It may come to no surprise to many designers and educators that a poor user interface will lead to a negative learning experience when it comes to online training courses. It’s up to us to do our part to ensure the experience is user-friendly and achieves its goals as smoothly as possible. So how can we make the interface in such a way that maximizes its effectiveness? The following concepts are a few to keep in mind when designing a training course. They are vital to creating an interface that is intuitive, effective, and accessible, thereby allowing the user to have a positive and informative experience.
An organized and easily understandable design is key. One great way to achieve this is by splitting a large amount of learning material into multiple sections in a logical manner. Each section should deal with a specific topic. Microlearning is a technique that encourages teaching and delivering content to learners in small and specific bursts. Think about it: it’s much harder for new information to stick when it’s thrown at you in a wall of text. Design the interface so that information is organized in smaller, more digestible chunks. Doing so improves user engagement and helps the user achieve the desired behaviors and objectives. Better learning leads to improved autonomy, allowing the user to feel more confident and valued.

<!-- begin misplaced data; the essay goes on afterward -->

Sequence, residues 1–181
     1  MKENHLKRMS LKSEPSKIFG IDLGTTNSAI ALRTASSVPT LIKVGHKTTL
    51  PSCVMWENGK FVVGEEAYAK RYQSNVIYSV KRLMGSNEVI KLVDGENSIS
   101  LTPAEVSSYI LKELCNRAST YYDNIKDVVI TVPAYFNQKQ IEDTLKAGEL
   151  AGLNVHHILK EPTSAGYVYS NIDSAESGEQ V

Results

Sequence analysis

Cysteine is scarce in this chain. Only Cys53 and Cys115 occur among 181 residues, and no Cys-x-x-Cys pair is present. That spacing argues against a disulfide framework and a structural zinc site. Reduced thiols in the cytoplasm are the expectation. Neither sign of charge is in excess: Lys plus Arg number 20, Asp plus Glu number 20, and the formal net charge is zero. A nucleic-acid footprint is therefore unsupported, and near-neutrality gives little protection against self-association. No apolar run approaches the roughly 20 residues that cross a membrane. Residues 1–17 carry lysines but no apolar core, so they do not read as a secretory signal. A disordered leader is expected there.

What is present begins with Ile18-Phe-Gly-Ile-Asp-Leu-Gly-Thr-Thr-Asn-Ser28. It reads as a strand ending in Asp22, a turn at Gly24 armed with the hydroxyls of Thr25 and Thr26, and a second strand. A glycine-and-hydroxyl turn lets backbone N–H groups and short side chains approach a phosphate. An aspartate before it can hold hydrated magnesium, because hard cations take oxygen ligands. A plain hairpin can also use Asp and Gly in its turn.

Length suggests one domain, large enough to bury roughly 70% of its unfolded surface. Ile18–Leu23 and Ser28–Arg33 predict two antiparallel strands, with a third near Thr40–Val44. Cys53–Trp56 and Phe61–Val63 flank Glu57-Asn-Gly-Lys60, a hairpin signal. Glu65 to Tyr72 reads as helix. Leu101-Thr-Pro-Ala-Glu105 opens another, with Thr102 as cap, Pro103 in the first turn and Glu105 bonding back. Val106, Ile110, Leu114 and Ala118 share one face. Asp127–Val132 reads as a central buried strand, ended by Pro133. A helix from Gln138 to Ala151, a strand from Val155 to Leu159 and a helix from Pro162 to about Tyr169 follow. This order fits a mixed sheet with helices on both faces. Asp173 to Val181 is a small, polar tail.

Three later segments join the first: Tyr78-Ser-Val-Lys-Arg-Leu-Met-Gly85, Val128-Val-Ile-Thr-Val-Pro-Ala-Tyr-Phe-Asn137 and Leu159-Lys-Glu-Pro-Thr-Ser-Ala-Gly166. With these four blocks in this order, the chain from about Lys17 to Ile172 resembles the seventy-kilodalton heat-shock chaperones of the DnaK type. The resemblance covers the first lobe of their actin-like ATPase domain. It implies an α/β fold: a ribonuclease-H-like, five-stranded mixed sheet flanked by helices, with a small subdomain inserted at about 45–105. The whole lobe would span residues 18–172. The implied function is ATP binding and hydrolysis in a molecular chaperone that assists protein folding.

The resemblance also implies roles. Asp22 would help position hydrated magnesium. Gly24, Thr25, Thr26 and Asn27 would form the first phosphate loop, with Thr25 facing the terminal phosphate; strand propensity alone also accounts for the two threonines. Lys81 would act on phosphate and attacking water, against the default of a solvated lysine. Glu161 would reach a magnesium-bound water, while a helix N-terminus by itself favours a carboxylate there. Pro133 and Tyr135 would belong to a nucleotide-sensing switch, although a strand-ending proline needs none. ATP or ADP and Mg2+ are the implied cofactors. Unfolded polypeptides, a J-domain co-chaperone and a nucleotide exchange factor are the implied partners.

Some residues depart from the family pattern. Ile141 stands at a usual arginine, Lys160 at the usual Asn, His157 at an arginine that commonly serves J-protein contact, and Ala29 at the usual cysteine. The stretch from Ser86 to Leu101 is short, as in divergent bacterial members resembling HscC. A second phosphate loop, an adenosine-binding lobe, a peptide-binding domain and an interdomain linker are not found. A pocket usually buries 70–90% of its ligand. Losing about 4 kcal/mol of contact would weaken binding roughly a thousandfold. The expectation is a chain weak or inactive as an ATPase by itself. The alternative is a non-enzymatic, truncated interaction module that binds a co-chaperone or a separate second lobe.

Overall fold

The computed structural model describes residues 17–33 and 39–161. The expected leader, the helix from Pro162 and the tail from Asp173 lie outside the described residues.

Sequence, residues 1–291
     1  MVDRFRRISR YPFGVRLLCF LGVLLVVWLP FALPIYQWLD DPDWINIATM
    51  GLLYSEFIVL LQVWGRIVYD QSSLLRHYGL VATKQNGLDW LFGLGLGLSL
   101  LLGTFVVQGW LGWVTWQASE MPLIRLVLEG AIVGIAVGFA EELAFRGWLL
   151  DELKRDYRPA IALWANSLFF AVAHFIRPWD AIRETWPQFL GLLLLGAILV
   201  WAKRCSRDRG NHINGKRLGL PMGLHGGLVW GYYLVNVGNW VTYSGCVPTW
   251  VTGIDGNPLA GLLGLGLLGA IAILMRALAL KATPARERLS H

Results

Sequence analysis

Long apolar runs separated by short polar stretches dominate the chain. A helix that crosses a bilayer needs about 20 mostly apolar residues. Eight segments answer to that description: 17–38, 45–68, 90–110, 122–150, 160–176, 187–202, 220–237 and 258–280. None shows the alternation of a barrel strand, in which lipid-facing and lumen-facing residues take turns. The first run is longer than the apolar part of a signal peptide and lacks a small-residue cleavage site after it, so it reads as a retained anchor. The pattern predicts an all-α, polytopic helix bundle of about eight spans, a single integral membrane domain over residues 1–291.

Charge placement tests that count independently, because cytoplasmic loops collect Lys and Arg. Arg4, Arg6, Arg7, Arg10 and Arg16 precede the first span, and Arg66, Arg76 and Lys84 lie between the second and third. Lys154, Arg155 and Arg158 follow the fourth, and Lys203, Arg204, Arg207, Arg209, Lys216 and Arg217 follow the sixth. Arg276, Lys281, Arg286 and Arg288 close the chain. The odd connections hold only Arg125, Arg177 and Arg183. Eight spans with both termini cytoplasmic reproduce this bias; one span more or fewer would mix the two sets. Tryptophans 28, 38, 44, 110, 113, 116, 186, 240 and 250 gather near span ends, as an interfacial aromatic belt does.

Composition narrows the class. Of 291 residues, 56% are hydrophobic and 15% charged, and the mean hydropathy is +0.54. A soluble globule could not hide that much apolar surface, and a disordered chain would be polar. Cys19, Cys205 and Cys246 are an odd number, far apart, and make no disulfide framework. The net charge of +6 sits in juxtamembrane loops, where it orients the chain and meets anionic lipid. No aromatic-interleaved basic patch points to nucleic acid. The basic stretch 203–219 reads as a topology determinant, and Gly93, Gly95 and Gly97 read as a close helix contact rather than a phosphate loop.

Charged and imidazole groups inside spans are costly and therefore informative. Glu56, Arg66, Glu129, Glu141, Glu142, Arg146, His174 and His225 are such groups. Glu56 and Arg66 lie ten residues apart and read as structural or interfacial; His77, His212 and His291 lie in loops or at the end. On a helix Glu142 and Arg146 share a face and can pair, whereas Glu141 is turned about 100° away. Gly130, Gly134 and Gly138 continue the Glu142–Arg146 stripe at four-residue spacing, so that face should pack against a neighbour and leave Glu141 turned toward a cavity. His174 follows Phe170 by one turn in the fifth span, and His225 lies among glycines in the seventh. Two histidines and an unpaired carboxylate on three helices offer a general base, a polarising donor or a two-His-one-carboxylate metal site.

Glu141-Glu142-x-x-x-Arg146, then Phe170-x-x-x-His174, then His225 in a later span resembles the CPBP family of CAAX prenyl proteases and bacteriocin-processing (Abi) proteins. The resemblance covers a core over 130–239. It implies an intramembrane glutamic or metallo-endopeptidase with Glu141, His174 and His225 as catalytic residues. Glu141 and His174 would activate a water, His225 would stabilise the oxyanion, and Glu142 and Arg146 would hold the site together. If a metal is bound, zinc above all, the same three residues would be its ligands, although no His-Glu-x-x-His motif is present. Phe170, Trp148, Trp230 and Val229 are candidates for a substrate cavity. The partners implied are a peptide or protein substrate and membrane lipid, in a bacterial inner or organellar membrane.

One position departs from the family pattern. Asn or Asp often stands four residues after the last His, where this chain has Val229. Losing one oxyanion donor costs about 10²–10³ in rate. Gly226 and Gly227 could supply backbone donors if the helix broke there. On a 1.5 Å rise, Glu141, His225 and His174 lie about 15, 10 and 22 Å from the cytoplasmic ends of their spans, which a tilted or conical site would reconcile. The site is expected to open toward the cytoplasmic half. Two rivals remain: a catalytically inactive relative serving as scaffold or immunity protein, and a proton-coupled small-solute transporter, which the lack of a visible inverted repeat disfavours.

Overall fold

People learn better when there are visual elements to supplement the text in the course. The article UX for Learning: Design Guidelines for the Learner Experience by Dorian Peters does a great job of listing guidelines for inserting multimedia and visual elements into learning materials. In summary: illustrations, photos, infographics, diagrams, charts, videos, and animations are all excellent additions to the course so long as they are relevant to the learning objective. Avoid adding visuals for the purpose of beautifying the interface, as visual elements should aid the user in learning concepts without being distracting. Abide by the principle of proximity by keeping visual elements close to the relevant text. Doing so aids the user in tying the visual element with the concepts described in the text, helping the information stick better and more quickly. Smart use of visual elements aids in learning and improves training speed and efficiency, allowing the learner to get the info they need quickly, and commit it to memory.
The UI of the training course should feel intuitive and familiar to the user to help them feel situated. A good rule of thumb is to make sure you don’t need to design a training course on how to operate the interface. Keep the user base in mind. Older users and those with certain disabilities will need extra care when designing the interface. Providing multiple methods of viewing content, such as a text alternative to a video, is one example. Making sure the font size and buttons are large enough to click on easily is a must. Avoid flashing images at all costs. Furthermore, if appropriate for the job, the training course should be accessible online and offline on any device. Accessible design makes the training course effective for a wide range of users and situations, allowing everyone equal opportunity to learn.
Putting It All Together
Overall, it’s clear that good UX is imperative to an effective training course. An accessible, well-organized course, combined with a smart use of visual elements makes for an improved learning experience. Good UX has the power to reduce the number of new hires who leave the company due to feeling lost and unsure of their role and value. By applying good UX principles in a training course, the designer can decrease the loss of new hires for the company, thereby saving valuable time and money while reinforcing a positive brand image.